Continuing its venture into print advertising, Google today announced it will expand the size and scope of its Print Ads scheme to include more than 225 newspapers, located in 32 of the 35 biggest U.S. metropolitan markets, with a combined circulation of almost 30 million subscribers.

The program, which started as a 50-publication test last November, lets hundreds of thousands of advertisers in the US with a Google AdWords account place newspaper ads in the same way they buy online advertising. Advertisers place bids for space and upload ad images to the Google AdWords system, the newspapers can then see real-time status of the auctions and communicate directly with the advertisers.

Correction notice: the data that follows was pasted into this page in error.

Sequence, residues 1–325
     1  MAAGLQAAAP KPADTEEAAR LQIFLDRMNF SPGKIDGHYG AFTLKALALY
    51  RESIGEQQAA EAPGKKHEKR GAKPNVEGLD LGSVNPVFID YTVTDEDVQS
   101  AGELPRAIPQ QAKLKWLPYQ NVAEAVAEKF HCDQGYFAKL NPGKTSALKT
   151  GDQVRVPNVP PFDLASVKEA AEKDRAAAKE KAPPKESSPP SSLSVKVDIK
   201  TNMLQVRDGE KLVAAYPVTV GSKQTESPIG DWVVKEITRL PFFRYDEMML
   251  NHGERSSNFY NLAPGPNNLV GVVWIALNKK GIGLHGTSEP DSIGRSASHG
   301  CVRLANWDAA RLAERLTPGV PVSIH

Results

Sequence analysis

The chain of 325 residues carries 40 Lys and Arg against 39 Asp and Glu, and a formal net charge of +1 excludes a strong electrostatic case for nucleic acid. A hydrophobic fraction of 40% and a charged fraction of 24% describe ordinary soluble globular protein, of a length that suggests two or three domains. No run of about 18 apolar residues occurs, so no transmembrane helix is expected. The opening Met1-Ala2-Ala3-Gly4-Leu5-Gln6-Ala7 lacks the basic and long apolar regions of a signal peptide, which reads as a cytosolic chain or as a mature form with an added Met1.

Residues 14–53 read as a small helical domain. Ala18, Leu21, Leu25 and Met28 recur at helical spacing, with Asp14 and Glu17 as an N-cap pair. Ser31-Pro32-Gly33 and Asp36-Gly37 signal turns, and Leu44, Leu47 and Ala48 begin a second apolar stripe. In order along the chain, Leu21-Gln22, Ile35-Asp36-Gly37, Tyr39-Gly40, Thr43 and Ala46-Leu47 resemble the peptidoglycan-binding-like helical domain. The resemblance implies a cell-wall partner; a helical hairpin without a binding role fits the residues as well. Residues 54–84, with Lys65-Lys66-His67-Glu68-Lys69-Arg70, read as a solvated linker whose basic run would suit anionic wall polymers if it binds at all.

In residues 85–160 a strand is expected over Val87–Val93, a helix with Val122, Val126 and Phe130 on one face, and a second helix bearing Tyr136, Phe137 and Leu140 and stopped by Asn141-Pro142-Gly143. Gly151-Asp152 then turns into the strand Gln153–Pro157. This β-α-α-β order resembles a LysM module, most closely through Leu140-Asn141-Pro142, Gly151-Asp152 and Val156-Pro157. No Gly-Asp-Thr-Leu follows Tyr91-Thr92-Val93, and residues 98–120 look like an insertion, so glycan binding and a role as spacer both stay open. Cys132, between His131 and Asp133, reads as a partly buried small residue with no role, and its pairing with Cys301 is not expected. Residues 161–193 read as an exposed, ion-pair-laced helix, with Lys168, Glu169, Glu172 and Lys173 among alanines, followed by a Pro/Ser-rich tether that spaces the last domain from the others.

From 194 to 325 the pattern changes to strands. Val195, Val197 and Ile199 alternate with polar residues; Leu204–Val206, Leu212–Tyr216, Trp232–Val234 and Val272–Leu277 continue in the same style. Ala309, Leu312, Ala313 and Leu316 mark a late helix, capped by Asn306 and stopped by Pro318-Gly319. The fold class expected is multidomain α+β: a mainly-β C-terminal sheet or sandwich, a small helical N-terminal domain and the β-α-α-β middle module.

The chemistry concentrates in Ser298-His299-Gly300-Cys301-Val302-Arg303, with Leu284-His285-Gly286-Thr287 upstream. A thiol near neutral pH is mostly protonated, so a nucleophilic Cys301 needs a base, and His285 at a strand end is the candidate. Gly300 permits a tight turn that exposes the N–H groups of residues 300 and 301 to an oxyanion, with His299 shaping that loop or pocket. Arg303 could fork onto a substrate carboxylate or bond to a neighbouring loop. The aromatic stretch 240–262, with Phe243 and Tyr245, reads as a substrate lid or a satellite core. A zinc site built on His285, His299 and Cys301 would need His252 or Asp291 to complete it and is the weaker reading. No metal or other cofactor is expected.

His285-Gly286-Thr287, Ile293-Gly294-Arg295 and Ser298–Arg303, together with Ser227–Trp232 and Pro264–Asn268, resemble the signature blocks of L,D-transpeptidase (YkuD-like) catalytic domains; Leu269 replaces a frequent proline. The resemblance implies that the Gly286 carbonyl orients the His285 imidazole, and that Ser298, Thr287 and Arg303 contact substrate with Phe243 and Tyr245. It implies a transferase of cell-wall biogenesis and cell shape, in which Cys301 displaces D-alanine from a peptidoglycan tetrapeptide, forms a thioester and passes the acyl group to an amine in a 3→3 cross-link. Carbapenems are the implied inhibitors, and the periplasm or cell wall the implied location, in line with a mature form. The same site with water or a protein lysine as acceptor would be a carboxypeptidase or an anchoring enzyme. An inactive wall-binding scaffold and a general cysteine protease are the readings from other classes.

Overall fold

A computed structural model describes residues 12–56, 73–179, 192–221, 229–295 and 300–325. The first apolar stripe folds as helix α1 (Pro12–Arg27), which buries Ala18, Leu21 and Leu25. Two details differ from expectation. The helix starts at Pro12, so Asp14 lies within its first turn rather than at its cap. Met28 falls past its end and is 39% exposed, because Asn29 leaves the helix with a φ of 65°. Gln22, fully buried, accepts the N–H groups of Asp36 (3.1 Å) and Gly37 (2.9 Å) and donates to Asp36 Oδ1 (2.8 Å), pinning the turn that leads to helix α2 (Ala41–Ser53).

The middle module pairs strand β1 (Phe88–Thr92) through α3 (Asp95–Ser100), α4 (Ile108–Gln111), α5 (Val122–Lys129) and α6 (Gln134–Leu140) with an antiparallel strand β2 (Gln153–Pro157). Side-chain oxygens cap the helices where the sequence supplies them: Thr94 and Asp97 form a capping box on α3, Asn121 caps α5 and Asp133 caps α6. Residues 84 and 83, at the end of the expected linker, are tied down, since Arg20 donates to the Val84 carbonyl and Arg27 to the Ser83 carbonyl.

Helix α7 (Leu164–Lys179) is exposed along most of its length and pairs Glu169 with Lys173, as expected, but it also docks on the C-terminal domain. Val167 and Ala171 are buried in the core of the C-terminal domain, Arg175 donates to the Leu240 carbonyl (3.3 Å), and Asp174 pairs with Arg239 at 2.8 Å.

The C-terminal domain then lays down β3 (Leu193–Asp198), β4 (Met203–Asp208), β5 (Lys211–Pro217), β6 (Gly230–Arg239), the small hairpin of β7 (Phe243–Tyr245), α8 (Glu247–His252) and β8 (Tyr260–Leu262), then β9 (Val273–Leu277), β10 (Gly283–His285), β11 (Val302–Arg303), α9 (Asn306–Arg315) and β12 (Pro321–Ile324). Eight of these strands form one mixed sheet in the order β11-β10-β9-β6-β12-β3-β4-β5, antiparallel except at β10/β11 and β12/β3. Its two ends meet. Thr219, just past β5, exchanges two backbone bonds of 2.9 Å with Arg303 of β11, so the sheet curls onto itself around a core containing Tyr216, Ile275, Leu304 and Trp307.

"Google Print Ads has brought in new advertisers who were either too small to consider advertising in a national newspaper or who hadn't tried print advertising because their business was largely online," said Todd Haskell, the New York Times' vice president of business development for advertising.
Google claims its early test have been successful for advertisers. Nonetheless, measuring success in print campaigns is inherently more difficult than estimating results online. The search giant promised to bring the measurability of online ad sales to offline print media, in an effort to get more advertisers to use newspaper ads.